“We’re governed by the Fourth Amendment; in public places there’s no reasonable expectation of privacy,” SJPD’s Sgt. Dwyer says. “The police car can take pictures of your car, but so can anybody else.” Dwyer added that the point of the LPR technology is to solve crimes and not to intrude.
“All the stuff that the LPR does was done manually before, officers would walk down the street and write down plate numbers by hand,” Dwyer said. “Now a computer does it in a microsecond.”
Chris Conley, a technology and civil liberties attorney with Northern California ACLU, disagrees. “Essentially, law and government have no business tracking the location of thousands of innocent drivers,” Conley says. “This information should be deleted immediately.”
Conley cited the Supreme Court case U.S. v. Jones from earlier this year as a similar issue relating to invasions of privacy. Judges split 5-4 in favor of the opinion that warrantless GPS tracking constitutes a search and constitutes a trespass of private property.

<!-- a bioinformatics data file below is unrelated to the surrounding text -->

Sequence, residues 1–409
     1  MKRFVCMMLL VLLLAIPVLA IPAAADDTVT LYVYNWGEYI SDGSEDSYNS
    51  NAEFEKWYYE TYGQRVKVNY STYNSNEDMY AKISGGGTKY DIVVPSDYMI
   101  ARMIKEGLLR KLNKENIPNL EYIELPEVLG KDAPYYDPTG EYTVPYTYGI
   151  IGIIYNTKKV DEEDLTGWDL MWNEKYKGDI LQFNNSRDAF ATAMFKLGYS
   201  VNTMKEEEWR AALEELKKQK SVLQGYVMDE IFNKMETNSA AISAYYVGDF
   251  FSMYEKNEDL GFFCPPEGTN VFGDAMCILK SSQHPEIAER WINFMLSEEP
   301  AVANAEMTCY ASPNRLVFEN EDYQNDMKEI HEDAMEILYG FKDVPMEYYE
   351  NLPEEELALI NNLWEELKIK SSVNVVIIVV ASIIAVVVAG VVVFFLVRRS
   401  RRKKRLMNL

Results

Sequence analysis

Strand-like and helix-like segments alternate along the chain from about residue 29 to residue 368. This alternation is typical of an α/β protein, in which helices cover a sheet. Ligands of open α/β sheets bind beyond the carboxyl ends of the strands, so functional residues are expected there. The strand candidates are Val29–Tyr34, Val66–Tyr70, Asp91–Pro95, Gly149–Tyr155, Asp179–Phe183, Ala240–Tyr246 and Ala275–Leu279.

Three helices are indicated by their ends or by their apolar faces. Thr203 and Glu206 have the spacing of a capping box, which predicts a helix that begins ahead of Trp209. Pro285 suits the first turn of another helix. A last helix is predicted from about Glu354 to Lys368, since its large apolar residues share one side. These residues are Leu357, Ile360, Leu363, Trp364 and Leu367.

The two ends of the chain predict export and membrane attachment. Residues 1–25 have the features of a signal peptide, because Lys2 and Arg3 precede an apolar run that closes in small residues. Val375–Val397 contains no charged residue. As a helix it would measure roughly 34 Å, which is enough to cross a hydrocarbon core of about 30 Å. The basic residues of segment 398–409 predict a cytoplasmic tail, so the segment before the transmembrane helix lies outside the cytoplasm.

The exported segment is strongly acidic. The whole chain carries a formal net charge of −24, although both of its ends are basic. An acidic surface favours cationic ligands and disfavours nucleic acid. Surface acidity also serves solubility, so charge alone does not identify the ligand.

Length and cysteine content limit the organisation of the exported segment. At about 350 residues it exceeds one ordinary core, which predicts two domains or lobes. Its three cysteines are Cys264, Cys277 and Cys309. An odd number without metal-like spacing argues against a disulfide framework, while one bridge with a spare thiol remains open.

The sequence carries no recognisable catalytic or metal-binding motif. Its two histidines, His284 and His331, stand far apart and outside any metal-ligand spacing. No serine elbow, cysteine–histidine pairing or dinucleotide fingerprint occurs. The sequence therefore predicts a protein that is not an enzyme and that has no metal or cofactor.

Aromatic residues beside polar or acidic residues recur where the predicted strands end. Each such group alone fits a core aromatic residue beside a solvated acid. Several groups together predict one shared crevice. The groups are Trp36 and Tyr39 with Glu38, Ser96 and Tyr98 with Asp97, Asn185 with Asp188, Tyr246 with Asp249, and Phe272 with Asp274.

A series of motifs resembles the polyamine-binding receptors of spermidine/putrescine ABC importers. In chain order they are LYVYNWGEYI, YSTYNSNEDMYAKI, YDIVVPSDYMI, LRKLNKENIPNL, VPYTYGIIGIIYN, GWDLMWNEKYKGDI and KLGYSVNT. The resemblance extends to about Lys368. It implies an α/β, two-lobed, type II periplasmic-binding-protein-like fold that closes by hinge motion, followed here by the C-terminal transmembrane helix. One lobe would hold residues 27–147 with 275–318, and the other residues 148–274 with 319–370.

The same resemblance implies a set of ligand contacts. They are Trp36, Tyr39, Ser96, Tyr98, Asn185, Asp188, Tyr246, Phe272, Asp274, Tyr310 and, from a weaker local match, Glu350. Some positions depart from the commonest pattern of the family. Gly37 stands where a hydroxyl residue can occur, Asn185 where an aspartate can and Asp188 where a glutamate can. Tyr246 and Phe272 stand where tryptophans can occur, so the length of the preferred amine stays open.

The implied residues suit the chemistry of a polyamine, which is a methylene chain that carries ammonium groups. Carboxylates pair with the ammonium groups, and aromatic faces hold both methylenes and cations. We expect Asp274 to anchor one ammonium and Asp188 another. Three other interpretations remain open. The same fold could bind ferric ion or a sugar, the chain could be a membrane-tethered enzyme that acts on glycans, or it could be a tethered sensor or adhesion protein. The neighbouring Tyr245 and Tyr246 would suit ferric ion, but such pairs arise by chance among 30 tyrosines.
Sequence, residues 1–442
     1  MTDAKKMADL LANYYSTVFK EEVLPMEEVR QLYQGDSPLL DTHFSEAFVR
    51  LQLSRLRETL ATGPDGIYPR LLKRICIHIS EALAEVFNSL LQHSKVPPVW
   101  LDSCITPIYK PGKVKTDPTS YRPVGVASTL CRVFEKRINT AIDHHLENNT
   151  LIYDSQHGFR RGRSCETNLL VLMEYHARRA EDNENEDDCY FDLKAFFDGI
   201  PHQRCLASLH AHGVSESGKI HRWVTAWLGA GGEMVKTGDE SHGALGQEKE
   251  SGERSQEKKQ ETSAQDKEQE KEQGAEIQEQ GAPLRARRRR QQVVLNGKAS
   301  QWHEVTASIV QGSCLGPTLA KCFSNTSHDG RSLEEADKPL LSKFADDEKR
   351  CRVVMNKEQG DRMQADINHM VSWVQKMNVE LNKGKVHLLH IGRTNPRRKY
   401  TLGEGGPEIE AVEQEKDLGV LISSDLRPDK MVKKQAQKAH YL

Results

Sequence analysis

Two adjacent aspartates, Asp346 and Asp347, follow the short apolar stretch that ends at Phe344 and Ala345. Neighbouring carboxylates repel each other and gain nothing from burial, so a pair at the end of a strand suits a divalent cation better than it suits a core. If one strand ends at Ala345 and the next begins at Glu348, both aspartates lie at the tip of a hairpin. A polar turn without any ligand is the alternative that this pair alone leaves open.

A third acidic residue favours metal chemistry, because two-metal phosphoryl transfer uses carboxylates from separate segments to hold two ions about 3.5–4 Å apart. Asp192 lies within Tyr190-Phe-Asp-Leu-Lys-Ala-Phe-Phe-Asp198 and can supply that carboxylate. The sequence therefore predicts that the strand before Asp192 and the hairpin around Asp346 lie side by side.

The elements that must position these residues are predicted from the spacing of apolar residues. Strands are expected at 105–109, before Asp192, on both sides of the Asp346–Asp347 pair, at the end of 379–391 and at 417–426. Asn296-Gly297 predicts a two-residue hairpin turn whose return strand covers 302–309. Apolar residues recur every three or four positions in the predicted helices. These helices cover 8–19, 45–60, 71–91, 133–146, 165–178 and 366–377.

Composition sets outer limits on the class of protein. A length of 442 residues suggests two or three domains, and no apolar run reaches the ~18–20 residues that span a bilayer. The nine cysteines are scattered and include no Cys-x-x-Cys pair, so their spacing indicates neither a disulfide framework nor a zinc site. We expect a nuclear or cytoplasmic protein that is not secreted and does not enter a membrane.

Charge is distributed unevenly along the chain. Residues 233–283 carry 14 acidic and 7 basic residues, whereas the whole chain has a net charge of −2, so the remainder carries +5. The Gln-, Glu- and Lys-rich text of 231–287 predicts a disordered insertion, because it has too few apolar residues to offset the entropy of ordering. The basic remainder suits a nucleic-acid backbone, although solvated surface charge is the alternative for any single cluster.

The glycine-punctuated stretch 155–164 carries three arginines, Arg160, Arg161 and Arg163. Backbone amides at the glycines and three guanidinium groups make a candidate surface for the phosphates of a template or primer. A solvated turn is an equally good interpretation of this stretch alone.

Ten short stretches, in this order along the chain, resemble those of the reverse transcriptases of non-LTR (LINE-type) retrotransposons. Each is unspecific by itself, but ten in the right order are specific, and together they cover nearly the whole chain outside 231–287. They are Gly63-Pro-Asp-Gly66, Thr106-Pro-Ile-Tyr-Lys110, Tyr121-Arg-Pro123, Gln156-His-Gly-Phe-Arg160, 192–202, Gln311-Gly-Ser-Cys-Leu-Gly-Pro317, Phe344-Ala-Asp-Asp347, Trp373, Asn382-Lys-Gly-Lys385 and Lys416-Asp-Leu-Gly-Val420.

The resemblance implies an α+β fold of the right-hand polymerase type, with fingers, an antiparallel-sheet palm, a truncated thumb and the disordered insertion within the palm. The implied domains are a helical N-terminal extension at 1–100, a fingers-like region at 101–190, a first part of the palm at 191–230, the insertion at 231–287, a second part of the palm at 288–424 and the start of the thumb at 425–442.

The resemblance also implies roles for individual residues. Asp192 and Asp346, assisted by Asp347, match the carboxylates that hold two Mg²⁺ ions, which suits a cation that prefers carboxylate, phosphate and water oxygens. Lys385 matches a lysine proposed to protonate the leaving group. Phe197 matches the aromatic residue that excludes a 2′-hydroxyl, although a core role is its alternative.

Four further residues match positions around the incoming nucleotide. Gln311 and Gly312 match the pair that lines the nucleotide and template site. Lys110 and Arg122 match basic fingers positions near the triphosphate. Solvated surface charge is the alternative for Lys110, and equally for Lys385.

The ACLU has recently started looking into the data collection from LPRs, specifically what happens to the information in the hands of private companies that aren’t held responsible. The EFF has also started raising concerns about this issue and has spoken out against LPR tracking and data collection.
“It’s one thing for an officer to look up a license plate and throw the information away if there’s no connection,” says Jeschke. “The potential to keep all this information, that’s creating comprehensive surveillance.”
One of the biggest concerns she and others have is with who has access to this type of information.
“Your physical location is pretty sensitive,” Jeschke says. “Where you go, whether you go to a medical clinic, who your friends are, whether you go to a therapist—knowing your movements could be a physical threat.”